The ban on members of the military from entering politics is an accepted principle in all countries with a civilian government. But in the Islamic Republic this became law because Ayatollah Khomeini expressly forbade it. On several occasions Khomeini talked about the “corrupting” consequences of the military in politics, and in his last will and testament, the first Supreme Leader again emphasized: “The armed forces, be it the military, the police, the Guards, the Basij or others, must not join any party or political group and must stay away from politics.”
Following Khomeini’s repeated statements to this effect, the ban was expressly included in subsequent laws governing the military, including Article 40 of the Armed Forces Penal Code, Article 47 of the IRGC’s charter, Article 16 of the IRGC’s Recruitment Law, Article 29 of the Army Regulations and Article 16 of Police Recruitment Law.
After Ayatollah Ali Khamenei took over, however, he adopted a more relaxed approach and has only ever paid lip service to the memory of his predecessor in this regard. The taboo about lasted into mid-1990s nonetheless. But little by little, it has lost ground. An example was when a group of 24 IRGC commanders wrote a threatening letter to the reformist President Mohammad Khatami, cited as a stark instance of illegal military intervention in politics.
In the years that followed, this interference increased considerably. But IRGC commanders still felt compelled to adhere to Khomeini’s explicit ban, and to somehow justify their incursions into the political arena. These justifications have gradually been replaced by bolder assertions. At first, senior IRGC figures argued that what Khomeini meant was that a military officer must first resign before he can declare his candidacy. Then, they changed their tune, and said that Khomeini had only meant “during wartime”.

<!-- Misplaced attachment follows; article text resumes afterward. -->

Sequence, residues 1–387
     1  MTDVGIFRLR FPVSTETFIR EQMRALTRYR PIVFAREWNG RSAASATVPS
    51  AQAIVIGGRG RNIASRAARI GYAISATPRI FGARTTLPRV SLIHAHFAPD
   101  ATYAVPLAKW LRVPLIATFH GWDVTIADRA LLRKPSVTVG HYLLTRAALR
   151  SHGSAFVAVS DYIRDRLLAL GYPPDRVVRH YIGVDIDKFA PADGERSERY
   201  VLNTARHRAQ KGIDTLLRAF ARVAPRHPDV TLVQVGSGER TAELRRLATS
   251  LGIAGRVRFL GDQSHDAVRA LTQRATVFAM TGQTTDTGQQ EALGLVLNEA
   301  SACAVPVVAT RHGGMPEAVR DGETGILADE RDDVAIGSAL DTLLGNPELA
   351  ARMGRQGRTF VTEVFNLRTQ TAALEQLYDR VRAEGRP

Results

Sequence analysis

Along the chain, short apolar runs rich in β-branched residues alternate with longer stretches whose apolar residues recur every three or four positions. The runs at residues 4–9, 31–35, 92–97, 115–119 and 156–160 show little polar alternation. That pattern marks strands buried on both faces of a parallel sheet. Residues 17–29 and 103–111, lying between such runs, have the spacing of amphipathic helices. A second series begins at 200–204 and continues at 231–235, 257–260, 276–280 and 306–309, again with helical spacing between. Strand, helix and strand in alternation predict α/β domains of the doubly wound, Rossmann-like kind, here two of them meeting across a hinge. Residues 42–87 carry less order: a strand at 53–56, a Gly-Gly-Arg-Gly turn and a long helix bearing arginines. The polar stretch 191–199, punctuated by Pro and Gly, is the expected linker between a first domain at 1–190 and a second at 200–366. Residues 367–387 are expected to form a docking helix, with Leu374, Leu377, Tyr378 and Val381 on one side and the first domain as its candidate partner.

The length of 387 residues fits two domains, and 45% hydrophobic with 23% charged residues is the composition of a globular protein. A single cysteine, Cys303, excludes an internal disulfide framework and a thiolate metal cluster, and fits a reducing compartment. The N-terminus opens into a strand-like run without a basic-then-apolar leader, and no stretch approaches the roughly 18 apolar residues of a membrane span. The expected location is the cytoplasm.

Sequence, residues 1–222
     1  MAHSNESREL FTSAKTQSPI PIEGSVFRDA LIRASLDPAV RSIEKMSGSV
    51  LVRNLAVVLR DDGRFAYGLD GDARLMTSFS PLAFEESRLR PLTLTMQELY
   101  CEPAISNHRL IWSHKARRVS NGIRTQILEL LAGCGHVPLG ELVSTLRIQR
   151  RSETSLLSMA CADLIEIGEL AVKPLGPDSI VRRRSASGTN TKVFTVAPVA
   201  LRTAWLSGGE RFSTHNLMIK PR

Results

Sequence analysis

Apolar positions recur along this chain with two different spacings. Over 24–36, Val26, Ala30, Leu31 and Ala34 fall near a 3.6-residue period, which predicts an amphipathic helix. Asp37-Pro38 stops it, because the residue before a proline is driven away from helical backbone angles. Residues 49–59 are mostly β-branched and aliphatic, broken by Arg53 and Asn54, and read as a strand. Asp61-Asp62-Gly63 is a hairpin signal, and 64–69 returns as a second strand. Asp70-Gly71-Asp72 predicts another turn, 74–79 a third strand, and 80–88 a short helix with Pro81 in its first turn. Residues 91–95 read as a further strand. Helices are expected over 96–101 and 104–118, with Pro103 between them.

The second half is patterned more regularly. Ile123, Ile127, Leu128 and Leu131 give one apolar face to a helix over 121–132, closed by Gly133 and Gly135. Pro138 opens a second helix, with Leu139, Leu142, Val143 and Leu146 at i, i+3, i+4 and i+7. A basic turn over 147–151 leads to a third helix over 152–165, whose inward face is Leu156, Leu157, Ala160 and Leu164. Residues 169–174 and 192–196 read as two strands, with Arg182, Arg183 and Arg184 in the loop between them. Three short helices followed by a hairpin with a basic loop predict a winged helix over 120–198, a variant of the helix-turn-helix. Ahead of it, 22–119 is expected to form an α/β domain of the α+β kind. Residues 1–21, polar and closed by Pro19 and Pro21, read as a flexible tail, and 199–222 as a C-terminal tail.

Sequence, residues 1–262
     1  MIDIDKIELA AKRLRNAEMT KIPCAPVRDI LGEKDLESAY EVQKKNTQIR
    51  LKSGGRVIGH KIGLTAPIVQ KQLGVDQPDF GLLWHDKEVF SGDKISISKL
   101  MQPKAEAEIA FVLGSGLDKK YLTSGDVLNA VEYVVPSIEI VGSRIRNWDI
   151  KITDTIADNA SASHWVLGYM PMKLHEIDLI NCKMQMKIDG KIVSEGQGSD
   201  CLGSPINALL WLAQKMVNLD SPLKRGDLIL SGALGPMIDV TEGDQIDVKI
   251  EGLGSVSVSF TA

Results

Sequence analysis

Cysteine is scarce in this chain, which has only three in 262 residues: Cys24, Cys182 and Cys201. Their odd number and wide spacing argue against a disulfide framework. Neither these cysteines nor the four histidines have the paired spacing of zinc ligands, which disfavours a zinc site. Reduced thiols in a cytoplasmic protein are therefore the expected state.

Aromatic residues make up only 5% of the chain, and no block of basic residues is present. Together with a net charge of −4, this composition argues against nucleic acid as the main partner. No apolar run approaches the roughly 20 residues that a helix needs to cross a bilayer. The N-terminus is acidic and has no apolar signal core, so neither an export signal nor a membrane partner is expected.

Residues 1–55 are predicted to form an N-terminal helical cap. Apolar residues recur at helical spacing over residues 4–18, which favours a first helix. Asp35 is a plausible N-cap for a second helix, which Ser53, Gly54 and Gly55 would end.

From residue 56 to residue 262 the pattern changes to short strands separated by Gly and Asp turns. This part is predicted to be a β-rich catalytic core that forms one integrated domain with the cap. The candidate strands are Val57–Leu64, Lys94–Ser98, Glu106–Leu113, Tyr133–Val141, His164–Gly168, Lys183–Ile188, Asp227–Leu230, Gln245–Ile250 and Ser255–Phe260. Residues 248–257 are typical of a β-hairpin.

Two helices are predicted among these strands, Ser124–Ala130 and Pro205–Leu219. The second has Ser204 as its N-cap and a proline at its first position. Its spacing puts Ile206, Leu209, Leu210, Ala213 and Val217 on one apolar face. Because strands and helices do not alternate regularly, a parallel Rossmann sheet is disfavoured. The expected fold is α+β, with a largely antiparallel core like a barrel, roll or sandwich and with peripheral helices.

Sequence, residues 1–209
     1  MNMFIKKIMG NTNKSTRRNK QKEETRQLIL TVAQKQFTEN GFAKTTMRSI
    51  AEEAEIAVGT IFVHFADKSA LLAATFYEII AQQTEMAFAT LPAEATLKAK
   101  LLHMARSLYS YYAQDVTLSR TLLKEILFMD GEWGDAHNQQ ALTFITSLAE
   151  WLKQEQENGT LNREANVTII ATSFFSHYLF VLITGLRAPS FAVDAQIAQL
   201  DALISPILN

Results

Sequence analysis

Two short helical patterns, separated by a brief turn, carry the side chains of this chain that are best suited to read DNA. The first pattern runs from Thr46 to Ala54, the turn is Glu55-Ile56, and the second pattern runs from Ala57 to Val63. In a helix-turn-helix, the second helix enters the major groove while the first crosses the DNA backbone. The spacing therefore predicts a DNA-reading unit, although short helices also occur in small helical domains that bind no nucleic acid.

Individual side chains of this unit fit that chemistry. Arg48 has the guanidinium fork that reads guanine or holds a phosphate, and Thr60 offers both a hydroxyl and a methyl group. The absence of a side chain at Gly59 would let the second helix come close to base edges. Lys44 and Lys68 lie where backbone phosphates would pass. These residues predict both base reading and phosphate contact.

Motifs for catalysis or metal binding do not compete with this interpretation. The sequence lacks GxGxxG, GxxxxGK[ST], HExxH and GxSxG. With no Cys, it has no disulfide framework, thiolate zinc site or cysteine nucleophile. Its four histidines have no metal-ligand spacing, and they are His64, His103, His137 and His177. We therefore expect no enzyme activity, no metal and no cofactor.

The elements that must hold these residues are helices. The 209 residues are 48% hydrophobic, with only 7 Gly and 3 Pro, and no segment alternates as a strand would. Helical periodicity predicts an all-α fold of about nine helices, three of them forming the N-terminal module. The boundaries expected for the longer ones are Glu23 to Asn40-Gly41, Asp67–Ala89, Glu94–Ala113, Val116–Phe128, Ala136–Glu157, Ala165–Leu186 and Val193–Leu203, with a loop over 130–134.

No Competition, Low Turnout
The presence of the IRGC in politics has become more public and more pronounced since the early 2000s. The appointment of General Alireza Afshar as the head of the National Elections Headquarters during the first term of President Mahmoud Ahmadinejad caused vast controversy, but the opposition gradually died down, so much so that now Mohammad Bagher Ghalibaf is now the parliament’s spokesman with nary an outcry. Furthermore, around two-thirds of the parliament’s steering committee is now made up of former commanders of the Guards or the Basij.
The IRGC already has a stranglehold on Iran’s macro-economy and now wants a monopoly on its political sphere as well. There have been unconfirmed reports that Speaker Ghalibaf might run for president, but besides him, there are other likely candidates for presidency issuing forth from the ranks of the Guards: Hossein Dehghan, who was once the commander of IRGC’s air force, Saeed Mohammad, who until a few days ago was the commander of the Guards’ Khatam al-Anbiya Construction Headquarters, Ezzatolah Zarghami, a former IRGC general and the former head of Islamic Republic of Iran Broadcasting (IRIB), and Parviz Fattah, another former IRGC commander.
There are some other names being floated who have close ties with the Revolutionary Guards and, depending on the situation, might even become IRGC’s main candidate. They include Saeed Jalili, the former nuclear negotiator and former secretary of the Supreme National Security Council, Mohammad Mokhber, president of the Executive Headquarters of Imam's Directive, Mohammad Qomi, head of Islamic Development Organization, Ali Nikzad, an MP and former Minister of Transportation, and Alireza Zakani, a former MP.
The next presidential election in Iran is scheduled for June 18 this year, and the new president is usually inaugurated in August.